This month the nod goes to none other than Jason Strate (Blog|Twitter). A few years back I sat in on one of Jason’s sessions at PASS Summit. From attending that session I found my way to his blog series called Index Black OPS which helped me tremendously, and I’ve carried some of the methodology since then.
Jason works for Pragmatic Works which is in and of itself a good company; what I’ve seen over the years that resonates with me is an extreme work ethic sprinkled in with some SQL Karaoke madness. A real down to earth guy who has a genuine love for helping people.
On this note I strongly suggest you check out his blog; he has some stellar information over there around several topics:
Don’t just limit reviewing the topics; make sure you check out the resources and publications to.
Like Jason, many SQL family members contribute on a daily basis in sharing their knowledge and helping the community grow. It’s time we (myself included) start paying homage and respect to those that give selflessly day in and day out sacrificing a lot to make our community one of the best there is.
Thanks Jason for being an impact player in our community.
Stay tuned to next month to catch Part 3 in the series of Impact Players.
This months T-SQL Tuesday is hosted by none other than Kenneth Fisher (B|T). His topic for this month revolves around security and how you manage security. There probably couldn’t be a more fitting topic; especially with the many breaches we have had lately both ones that are known and ones that are not known.
With that said I want to take this time to expound on a wider variety of topics instead of diving into specific targeted areas within SQL.
When I first heard this topic I immediately drifted to thoughts such as:
- Vendor Apps
- Breaches within
- Password Strength
Countless times over the years I have seen, reviewed, fixed, and contemplated over security within SQL that simply was an afterthought. Security whether role based, AD Groups, etc. should be worked into any project plan. If you have ever inherited a system only to review that 600 users have sysadmin access you know how detrimental that could be to the data contained within.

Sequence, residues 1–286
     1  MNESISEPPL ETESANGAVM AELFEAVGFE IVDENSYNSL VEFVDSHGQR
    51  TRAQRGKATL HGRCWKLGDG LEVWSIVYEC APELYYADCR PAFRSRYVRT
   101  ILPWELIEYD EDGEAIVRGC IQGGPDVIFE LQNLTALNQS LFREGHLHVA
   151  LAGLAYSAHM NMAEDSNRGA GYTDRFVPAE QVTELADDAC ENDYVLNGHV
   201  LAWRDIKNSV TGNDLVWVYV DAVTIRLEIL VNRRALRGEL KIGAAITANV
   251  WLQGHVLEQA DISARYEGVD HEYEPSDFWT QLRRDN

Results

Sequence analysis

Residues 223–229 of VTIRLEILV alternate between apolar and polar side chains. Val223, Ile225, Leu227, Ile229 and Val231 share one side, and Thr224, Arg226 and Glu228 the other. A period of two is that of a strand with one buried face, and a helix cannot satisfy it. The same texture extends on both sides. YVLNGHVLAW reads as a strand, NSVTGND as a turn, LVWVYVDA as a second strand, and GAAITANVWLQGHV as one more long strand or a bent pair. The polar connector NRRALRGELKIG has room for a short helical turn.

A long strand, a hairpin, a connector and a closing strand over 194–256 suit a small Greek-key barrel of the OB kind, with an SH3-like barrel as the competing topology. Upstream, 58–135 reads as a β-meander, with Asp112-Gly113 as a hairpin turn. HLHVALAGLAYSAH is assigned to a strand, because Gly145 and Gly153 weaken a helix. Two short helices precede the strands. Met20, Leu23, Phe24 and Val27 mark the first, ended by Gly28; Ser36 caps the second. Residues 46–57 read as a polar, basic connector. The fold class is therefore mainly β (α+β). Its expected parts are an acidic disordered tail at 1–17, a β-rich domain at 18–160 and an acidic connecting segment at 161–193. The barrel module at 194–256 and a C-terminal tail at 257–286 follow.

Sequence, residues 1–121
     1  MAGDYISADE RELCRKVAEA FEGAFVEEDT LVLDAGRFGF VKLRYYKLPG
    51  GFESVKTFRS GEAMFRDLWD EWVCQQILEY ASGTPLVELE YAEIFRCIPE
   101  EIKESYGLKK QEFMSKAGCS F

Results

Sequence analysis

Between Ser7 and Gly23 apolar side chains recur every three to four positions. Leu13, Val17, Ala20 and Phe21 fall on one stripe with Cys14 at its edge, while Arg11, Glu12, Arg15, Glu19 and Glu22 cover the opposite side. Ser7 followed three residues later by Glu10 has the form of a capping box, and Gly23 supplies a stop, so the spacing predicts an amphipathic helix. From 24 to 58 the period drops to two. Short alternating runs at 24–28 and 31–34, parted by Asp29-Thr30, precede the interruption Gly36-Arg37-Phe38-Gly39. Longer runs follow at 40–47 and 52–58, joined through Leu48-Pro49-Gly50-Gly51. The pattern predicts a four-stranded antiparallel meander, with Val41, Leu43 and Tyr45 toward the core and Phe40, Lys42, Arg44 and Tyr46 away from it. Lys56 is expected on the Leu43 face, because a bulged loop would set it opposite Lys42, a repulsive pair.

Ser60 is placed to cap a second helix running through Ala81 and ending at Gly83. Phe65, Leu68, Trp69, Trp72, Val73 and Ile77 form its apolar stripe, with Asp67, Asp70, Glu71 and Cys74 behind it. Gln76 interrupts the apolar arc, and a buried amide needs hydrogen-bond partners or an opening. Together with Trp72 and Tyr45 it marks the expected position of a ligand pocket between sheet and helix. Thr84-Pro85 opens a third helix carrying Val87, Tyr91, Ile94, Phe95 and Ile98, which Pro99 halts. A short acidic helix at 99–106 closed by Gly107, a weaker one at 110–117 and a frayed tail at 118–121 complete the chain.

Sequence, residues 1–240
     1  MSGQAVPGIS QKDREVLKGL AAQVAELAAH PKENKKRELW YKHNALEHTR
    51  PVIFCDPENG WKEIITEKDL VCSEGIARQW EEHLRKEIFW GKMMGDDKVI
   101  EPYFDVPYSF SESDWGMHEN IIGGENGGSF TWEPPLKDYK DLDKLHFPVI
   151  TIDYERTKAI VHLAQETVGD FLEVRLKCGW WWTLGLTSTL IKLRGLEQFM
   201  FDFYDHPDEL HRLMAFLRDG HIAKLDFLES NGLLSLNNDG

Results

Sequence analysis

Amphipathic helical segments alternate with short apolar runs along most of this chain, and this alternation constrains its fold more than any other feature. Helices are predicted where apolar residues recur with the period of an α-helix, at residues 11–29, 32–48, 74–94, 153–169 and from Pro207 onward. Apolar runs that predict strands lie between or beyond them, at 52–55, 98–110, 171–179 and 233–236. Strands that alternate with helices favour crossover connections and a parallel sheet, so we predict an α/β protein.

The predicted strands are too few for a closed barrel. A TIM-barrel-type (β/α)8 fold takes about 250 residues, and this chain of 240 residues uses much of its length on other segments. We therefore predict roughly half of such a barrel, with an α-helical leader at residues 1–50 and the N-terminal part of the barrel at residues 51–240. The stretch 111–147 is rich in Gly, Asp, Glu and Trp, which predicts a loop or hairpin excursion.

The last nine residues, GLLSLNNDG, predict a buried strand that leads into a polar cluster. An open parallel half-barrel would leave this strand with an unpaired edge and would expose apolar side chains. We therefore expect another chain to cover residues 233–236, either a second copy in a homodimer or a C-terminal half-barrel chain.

Being a DBA means you have great responsibility. Every single database is under your care, own it. Each day someone will be trying to access that database; at least that should be your mentality especially with any production environment.
A lot of us are creature are habits. It is very easy for a data professional to fall into the trap of becoming accustomed to daily routines. Security should not fall into this category; I repeat security should not fall into this category. Do you know who has access to your databases and why? Do you know what user accounts are tied to specific groups? If you can’t answer this then you may find yourself in this category
I like this one, how many of us validate our security measures? Do we take any proactive approaches to see just how safe our data is? Maybe you rely on an outside 3rd party to see if they can hack in; whatever the case maybe it would behoove us as a group of data professionals to be actively testing our systems looking for points of entry. I will be completely honest; if you aren’t you can guarantee someone else is.
Yes, I am a vendor installing an app your company purchased and we will need sysadmin rights on the box or cluster. Um. yeah you go right ahead – NOT. I hope by now, as a DBA, you have strategies in place where you will work with the vendor directly or have some form of processes that allow for tracking of such activity. Remember, these databases are yours if you maintain them; you be the gate keeper not the other way around. Don’t let anyone on your system without our knowledge and you better know what kind of data is on your system and who is accessing it.